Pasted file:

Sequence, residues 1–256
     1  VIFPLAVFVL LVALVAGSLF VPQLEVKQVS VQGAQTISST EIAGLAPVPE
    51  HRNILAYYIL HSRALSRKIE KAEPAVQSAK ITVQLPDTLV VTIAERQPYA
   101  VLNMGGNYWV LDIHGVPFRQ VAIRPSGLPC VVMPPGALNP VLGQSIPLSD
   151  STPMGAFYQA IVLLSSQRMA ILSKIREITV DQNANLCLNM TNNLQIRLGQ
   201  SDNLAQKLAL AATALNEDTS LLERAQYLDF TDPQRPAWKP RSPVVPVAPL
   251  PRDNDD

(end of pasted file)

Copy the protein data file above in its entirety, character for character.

Sequence, residues 1–256
     1  VIFPLAVFVL LVALVAGSLF VPQLEVKQVS VQGAQTISST EIAGLAPVPE
    51  HRNILAYYIL HSRALSRKIE KAEPAVQSAK ITVQLPDTLV VTIAERQPYA
   101  VLNMGGNYWV LDIHGVPFRQ VAIRPSGLPC VVMPPGALNP VLGQSIPLSD
   151  STPMGAFYQA IVLLSSQRMA ILSKIREITV DQNANLCLNM TNNLQIRLGQ
   201  SDNLAQKLAL AATALNEDTS LLERAQYLDF TDPQRPAWKP RSPVVPVAPL
   251  PRDNDD